For house he hooked to wire mesh for new garage floor. Plus couple new grounding rods. "Likely no better then what your dad did 50yrs ago but it's code". This electrician thought little of grounding. Left rods exposed above ground. ( tripping hazard). So dig a small hole, pound them down, grease, wrap, cover with mt dew bottle cut apart and bury.
     
  13. Peace Warrior

    Peace Warrior Am Yisrael Chai CLM

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    No, unless there is a power surge (e.g., lightning).

    With single phase (residential), the two 'legs' always carry a balanced load of 120v (110) each, and the meter has nothing to do with regulating this voltage; however, beyond this, what I know about the meter's workings would not even come close to filling a thimble, so I am done here.

    Good luck with solving your quandaries.


    PW
     
  14. LinuxLover

    LinuxLover Ba-nan-nah-nuh

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    Yeah.... I like Cutler stuff, but it had Square D in the room and I'm not gonna run his $$$ up any higher than that idiot CoOp 'expert' did with his bad diagnosis.

    The well house stuff's been up-n-running for over 20 years so far, so-o-o it MIGHT be OK for a while or OK until he gets all his hay into the barn and makes a little more $$$ to replace it.

    Aluminum wire sux though if one doesn't at least provide a modicum of maintenance by running all the screws up to torque every 6 months or so.

    We get some extreme temp swings from -20F to (like today) 82F. I can see aluminum squishing that way.

    I wonder how many new motors have been installed when it's just a bad leg on 3-phase aluminum? If I made that bad of a judgement call, I'd have been fired for gross stupidity.[/QUOTE]
     
  15. NoStress

    NoStress

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    That is what was taught at one time but not now.
    Myth 4 - More grounding is better is at 9:22 in the video.

    View: https://www.youtube.com/watch?v=qNZC782SzAQ&t=260s
     
  16. RenoF250

    RenoF250

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  17. larry_minn

    larry_minn Silver Member Millennium Member

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    Well also. They are wearing ties.

    I find getting a couple certified experts (ideally government expert inspectors/ trainers) at a conference answering questions from a group. ( Bonas if the experts have not worked together for yrs, or are best friends). They will contridict each other. It's a hoot.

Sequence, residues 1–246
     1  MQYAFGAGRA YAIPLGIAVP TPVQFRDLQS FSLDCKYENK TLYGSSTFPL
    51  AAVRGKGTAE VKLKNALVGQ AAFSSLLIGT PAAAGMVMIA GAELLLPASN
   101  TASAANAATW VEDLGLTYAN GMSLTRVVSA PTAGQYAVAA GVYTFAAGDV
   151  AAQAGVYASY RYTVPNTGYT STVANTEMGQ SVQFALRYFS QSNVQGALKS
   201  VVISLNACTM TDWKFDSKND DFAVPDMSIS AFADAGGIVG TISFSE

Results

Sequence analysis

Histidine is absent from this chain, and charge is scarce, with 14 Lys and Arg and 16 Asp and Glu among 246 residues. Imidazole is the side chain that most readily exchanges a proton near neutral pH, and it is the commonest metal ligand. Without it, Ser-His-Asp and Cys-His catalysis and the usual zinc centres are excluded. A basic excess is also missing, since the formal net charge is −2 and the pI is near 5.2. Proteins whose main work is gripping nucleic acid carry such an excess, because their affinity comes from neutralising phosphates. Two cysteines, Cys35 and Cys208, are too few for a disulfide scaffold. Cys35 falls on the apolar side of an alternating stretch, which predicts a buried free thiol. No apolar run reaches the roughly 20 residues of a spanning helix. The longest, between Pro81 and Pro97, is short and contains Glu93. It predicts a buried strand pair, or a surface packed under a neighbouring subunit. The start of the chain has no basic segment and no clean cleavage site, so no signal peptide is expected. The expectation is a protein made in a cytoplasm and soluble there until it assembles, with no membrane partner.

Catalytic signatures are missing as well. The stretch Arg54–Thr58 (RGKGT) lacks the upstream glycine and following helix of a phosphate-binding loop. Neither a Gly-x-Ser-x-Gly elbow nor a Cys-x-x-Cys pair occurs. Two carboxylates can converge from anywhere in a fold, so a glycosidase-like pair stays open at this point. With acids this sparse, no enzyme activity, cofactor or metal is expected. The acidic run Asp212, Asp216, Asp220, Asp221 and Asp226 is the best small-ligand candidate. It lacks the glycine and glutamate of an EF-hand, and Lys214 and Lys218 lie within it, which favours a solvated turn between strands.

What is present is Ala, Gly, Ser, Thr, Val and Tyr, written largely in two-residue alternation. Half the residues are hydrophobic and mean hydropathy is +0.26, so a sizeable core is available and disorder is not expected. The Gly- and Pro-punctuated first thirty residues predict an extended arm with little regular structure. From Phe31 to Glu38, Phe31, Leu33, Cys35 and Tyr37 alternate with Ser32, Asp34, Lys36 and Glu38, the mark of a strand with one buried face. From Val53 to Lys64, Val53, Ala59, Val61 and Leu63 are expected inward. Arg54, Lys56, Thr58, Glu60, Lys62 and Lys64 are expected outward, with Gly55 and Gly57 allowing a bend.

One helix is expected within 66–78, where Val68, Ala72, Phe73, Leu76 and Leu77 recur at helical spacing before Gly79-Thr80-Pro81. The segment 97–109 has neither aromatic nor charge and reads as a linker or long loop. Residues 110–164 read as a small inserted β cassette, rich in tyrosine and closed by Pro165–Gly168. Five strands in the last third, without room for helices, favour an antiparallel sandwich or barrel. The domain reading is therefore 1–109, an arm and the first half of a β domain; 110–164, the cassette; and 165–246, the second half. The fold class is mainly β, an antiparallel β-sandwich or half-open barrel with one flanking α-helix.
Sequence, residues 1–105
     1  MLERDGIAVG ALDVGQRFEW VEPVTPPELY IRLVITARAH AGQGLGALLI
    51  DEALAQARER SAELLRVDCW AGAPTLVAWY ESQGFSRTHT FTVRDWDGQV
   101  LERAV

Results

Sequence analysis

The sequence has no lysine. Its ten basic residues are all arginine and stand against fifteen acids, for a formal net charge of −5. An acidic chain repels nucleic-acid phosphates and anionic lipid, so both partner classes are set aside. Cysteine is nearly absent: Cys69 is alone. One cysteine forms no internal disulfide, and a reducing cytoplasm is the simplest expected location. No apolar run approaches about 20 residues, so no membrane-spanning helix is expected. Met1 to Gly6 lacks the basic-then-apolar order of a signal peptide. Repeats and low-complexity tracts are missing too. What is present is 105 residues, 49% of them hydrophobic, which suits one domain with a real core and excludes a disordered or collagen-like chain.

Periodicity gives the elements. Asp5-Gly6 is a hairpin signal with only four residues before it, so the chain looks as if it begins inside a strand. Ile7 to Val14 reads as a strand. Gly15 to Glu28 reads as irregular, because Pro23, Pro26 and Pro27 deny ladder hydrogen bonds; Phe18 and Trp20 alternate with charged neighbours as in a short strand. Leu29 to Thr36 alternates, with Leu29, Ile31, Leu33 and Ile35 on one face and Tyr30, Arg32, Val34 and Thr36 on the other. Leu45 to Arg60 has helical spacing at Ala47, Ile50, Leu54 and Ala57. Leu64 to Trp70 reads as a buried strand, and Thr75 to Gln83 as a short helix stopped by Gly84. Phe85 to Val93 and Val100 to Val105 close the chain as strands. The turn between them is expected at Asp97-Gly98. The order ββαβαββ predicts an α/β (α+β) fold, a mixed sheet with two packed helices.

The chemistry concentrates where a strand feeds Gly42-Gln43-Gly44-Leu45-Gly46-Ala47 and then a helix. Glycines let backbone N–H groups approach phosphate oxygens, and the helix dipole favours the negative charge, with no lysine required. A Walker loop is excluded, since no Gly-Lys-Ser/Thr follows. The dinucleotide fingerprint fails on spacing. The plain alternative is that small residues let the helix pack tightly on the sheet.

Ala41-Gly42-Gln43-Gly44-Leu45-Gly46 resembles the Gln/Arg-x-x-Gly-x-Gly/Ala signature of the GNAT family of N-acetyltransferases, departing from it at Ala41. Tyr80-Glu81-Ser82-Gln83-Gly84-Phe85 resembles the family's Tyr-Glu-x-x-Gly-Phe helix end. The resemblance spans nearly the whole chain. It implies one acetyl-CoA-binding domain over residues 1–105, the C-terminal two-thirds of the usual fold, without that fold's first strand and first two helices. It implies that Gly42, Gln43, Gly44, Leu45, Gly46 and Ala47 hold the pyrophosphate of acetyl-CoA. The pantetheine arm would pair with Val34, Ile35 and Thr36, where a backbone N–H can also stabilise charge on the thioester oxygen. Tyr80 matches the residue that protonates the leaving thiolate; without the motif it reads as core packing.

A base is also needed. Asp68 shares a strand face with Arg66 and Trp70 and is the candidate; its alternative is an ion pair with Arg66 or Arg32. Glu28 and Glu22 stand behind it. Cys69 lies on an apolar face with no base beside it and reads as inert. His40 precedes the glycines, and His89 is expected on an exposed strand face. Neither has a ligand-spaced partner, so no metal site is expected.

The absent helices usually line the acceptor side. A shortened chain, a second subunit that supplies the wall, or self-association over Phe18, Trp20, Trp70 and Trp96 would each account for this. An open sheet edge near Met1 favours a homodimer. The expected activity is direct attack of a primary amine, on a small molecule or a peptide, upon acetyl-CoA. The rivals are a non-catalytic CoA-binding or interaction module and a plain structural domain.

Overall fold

I used to get sent to multiple conferences. Most single daY. The arguments between experts helped the days pass.
     
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  18. RenoF250

    RenoF250

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    In this case there is no "what was thought", better ground is better ground. What that means can certainly depend, in some cases it may create more problems than it is worth.
     
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  19. NoStress

    NoStress

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    I think he explains very well in the video why he is right and you just wont find anyone claiming he is wrong. Mike Holt is a giant in the industry and is recognized as an expert among experts. You will find all sorts of references to him from various sources for answers to electrical questions, answers to NEC code questions, and for education and training. He has a lot of good training videos on youtube that are easy enough to grasp for most. A lot of people think a ground rod protects against getting shocked. And most don't know that their if children weigh under 50lbs a GFCI wont trip and they can still be killed. Electrical safety is what most people should at least watch. Here is something on swimming pools.
    https://mazzapoolinspections.com/bonding-pool-safety/
     
    Last edited: Jul 6, 2019
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  20. RenoF250

    RenoF250

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    The first video is unrelated, he is talking about machines and use a ground rod to create whole fault and as he says that does not work. That is not relevant when using a GFCI. The other the section you pointed to, he does not know what he is talking about and just parroting NEC code. It is more complicated than he says. The answer as always is - it depends. For dealing with outlets outside run GFCI. I have never heard of the children under 50 lbs before, weight has little to nothing to do with it and besides I have tripped GFCIs before and felt nothing at all.